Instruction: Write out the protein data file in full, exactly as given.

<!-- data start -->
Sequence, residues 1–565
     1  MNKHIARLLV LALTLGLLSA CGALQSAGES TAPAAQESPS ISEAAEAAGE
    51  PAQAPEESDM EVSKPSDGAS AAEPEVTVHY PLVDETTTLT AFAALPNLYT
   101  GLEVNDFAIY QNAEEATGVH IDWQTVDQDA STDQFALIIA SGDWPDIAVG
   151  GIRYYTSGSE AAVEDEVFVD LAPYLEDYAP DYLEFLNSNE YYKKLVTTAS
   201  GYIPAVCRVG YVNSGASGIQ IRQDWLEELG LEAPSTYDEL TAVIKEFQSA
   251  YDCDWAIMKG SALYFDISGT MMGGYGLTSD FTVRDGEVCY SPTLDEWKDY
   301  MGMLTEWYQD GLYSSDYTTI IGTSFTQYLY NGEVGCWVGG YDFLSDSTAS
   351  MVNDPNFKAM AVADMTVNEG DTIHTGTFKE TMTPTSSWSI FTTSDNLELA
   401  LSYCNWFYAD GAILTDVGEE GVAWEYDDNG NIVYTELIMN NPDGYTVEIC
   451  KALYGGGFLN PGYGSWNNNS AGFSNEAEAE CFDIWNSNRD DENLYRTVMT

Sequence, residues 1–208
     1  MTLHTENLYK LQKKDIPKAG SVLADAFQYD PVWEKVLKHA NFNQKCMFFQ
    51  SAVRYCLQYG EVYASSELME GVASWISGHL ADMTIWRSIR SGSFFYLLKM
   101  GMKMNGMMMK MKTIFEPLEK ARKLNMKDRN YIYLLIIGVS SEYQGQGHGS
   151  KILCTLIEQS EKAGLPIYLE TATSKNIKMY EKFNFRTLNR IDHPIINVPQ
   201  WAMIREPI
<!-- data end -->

Sequence, residues 1–565
     1  MNKHIARLLV LALTLGLLSA CGALQSAGES TAPAAQESPS ISEAAEAAGE
    51  PAQAPEESDM EVSKPSDGAS AAEPEVTVHY PLVDETTTLT AFAALPNLYT
   101  GLEVNDFAIY QNAEEATGVH IDWQTVDQDA STDQFALIIA SGDWPDIAVG
   151  GIRYYTSGSE AAVEDEVFVD LAPYLEDYAP DYLEFLNSNE YYKKLVTTAS
   201  GYIPAVCRVG YVNSGASGIQ IRQDWLEELG LEAPSTYDEL TAVIKEFQSA
   251  YDCDWAIMKG SALYFDISGT MMGGYGLTSD FTVRDGEVCY SPTLDEWKDY
   301  MGMLTEWYQD GLYSSDYTTI IGTSFTQYLY NGEVGCWVGG YDFLSDSTAS
   351  MVNDPNFKAM AVADMTVNEG DTIHTGTFKE TMTPTSSWSI FTTSDNLELA
   401  LSYCNWFYAD GAILTDVGEE GVAWEYDDNG NIVYTELIMN NPDGYTVEIC
   451  KALYGGGFLN PGYGSWNNNS AGFSNEAEAE CFDIWNSNRD DENLYRTVMT

Sequence, residues 1–208
     1  MTLHTENLYK LQKKDIPKAG SVLADAFQYD PVWEKVLKHA NFNQKCMFFQ
    51  SAVRYCLQYG EVYASSELME GVASWISGHL ADMTIWRSIR SGSFFYLLKM
   101  GMKMNGMMMK MKTIFEPLEK ARKLNMKDRN YIYLLIIGVS SEYQGQGHGS
   151  KILCTLIEQS EKAGLPIYLE TATSKNIKMY EKFNFRTLNR IDHPIINVPQ
   201  WAMIREPI